In North Carolina, Carter (1962) found floridana on the Coastal Plain in grassy, open sandhill areas, and similar habitats, including grassy depressions between coastal dunes. In Florida, Van Pelt (1958) found floridana in open sandhill areas and open, sandy roadsides. He states that most foraging is nocturnal or on cloudy days.
Lack of Propodeal Spines
Deyrup (2016) - Propodeal spines are lacking in this species, while they are well developed in all other Florida species of Aphaenogaster. Males and queens have small spines, suggesting that the loss of spines in the worker is a recent evolutionary event. The adaptive significance of this is unknown, but two other Florida ants of open, sandy areas, Pogonomyrmex badius and Pheidole morrisii, also seem to have recently dispensed with propodeal spines, although they occasionally appear in P. badius. The primary function of the propodeal spines is to protect the vulnerable petiolar joint, best achieved by raising the petiole so that it rests between the petiolar spines. This is probably most useful for species that grapple and sting, and would not be as useful for species that spray repellents. Three possible hypotheses explaining the loss of propodeal spines in floridana are as follows: this species uses another form of defense, such as powerful chemical deterrents; this species has a way of avoiding grappling encounters; this species lives in a habitat where most competitive, aggressive, or defensive encounters are with other ants that spray repellent chemicals.
The following information is derived from Barry Bolton's New General Catalogue, a catalogue of the world's ants.
- floridana. Aphaenogaster (Attomyrma) floridana Smith, M.R. 1941: 118 (w.) U.S.A.
- Wheeler, G.C. & Wheeler, J. 1960b: 7 (l.).
- Holotype, worker, Gretna, Florida, United States, National Museum of Natural History. , 15 July 1906, A.W. Morrill, USNM No. 55660,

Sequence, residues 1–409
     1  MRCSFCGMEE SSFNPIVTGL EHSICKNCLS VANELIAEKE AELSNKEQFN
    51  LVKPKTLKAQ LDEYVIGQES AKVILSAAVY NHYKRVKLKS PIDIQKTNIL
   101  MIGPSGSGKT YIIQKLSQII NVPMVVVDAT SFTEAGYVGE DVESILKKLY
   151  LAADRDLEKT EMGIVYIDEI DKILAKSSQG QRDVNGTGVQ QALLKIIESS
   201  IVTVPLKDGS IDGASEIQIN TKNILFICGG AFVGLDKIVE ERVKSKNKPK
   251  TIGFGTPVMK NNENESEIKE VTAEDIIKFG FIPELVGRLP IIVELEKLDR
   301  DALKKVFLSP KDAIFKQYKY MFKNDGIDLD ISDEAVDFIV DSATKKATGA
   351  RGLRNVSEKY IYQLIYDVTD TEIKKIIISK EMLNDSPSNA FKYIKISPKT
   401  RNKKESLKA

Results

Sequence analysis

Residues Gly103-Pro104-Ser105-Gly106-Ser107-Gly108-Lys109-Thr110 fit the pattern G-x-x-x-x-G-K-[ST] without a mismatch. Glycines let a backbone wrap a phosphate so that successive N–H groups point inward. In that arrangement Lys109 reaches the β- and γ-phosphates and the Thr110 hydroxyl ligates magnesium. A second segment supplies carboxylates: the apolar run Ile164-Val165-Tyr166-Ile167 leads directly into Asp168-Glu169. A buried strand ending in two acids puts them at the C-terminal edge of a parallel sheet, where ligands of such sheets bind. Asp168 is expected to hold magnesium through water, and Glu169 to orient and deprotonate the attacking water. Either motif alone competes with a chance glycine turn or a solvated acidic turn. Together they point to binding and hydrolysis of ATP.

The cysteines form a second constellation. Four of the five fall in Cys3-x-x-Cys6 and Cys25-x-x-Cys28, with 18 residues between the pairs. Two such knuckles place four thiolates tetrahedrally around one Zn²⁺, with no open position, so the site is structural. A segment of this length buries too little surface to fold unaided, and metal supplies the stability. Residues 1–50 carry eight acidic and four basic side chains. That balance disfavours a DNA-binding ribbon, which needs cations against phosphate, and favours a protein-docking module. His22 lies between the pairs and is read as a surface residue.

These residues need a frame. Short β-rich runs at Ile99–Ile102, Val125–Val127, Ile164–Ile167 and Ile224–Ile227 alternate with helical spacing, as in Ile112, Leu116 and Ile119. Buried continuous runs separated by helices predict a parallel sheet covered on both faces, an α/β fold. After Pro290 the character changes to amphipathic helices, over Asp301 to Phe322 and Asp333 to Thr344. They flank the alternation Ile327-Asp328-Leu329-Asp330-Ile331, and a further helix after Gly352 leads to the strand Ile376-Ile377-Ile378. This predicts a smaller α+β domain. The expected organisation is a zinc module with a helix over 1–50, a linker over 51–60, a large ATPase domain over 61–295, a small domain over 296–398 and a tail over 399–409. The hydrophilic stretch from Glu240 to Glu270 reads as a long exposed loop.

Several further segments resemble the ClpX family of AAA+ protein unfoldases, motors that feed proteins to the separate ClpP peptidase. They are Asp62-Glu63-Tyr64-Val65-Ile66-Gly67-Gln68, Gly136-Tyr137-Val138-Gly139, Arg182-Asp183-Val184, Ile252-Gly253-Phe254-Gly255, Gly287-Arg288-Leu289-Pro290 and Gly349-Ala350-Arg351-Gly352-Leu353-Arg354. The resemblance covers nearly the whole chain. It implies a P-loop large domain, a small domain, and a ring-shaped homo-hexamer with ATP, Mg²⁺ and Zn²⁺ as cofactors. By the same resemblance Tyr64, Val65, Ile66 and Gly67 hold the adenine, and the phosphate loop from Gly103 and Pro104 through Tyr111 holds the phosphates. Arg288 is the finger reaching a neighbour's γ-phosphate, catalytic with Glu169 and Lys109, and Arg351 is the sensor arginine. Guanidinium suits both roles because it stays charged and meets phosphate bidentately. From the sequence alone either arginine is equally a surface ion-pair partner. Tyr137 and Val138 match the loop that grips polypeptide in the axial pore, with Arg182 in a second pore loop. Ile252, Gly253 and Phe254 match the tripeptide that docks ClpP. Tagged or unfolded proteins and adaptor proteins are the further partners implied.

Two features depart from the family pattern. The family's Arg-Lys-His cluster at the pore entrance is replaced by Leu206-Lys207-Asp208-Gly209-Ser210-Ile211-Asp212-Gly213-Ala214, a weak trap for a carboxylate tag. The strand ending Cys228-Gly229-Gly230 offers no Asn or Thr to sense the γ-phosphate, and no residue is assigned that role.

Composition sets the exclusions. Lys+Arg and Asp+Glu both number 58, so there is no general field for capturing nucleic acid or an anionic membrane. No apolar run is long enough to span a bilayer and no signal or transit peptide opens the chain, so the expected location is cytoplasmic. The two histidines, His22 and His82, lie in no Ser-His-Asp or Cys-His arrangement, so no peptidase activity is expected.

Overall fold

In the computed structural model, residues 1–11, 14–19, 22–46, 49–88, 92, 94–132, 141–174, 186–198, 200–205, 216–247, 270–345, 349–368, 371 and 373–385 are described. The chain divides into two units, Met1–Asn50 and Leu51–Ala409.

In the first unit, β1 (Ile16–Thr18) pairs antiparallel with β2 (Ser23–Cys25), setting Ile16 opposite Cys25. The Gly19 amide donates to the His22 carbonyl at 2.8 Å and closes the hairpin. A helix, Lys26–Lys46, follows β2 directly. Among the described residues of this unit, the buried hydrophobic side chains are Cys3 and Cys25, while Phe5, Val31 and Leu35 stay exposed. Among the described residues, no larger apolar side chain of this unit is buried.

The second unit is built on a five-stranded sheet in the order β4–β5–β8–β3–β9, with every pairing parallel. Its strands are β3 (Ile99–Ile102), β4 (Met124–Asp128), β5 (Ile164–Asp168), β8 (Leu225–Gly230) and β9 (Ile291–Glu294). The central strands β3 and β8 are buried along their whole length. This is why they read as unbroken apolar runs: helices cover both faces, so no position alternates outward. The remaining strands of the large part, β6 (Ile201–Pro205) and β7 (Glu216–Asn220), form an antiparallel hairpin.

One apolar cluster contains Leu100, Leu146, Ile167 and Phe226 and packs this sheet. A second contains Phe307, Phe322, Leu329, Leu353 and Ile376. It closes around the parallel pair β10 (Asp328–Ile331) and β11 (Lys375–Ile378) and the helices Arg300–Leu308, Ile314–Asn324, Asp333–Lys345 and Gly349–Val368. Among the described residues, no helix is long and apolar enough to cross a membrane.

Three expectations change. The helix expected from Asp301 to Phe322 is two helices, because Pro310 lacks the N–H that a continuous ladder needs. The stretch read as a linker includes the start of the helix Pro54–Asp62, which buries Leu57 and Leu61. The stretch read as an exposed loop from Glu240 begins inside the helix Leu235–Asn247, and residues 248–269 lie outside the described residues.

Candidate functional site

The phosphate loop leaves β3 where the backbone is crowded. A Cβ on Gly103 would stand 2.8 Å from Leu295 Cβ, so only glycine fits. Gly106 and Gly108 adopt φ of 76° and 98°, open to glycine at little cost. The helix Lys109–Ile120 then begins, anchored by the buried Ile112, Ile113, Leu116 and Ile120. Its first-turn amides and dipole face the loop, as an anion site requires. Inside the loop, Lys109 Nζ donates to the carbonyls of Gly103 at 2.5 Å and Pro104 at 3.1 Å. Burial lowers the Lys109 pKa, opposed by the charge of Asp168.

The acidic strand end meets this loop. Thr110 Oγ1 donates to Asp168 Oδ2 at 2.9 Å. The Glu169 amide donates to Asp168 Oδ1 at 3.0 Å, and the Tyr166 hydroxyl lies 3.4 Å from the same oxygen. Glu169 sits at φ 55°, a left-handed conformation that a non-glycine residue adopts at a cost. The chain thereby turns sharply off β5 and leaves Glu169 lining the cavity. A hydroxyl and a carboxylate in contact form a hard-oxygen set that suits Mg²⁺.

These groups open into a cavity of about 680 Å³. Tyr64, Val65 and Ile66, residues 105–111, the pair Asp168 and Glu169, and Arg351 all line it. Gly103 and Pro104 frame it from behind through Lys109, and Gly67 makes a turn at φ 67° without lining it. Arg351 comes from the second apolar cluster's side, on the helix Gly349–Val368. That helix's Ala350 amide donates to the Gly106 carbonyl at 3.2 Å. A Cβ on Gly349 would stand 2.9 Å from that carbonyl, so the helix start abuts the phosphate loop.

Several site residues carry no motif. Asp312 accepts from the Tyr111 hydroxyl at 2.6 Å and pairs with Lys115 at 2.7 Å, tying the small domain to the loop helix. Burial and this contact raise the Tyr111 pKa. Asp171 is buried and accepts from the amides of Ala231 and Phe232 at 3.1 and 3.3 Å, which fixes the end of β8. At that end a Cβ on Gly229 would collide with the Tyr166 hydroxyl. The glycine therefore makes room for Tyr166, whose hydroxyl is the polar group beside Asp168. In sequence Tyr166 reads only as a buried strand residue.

- Paratype, 1 worker, Gretna, Florida, United States, National Museum of Natural History. , 15 July 1906, A.W. Morrill, USNM No. 55660,
- Bolton, B. 1995b. A new general catalogue of the ants of the world. Cambridge, Mass.: Harvard University Press, 504 pp. (page 69, catalogue)
- DeMarco, B.B. 2015. Phylogeny of North American Aphaenogaster species (Hymenoptera: Formicidae) reconstructed with morphological and DNA data. Ph.D. thesis, Michigan State University.
- Deyrup, M.A. 2016. Ants of Florida: Identification and Natural History. CRC Press, 423 pp.
- Smith, M. R. 1941. Two new species of Aphaenogaster (Hymenoptera: Formicidae). Great Basin Nat. 2: 118-121 PDF(page 118, worker described)
- Tschinkel WR. 2011. The nest architecture of three species of north Florida Aphaenogaster ants. Journal of Insect Science 11:105 PDF
- Tschinkel, W.R. 2015. The architecture of subterranean ant nests: beauty and mystery underfoot. Journal of Bioeconomics 17:271–291 (DOI 10.1007/s10818-015-9203-6).
- Wheeler, G. C.; Wheeler, J. 1960b. Supplementary studies on the larvae of the Myrmicinae (Hymenoptera: Formicidae). Proc. Entomol. Soc. Wash. 62: 1-32 (page 7, larva described)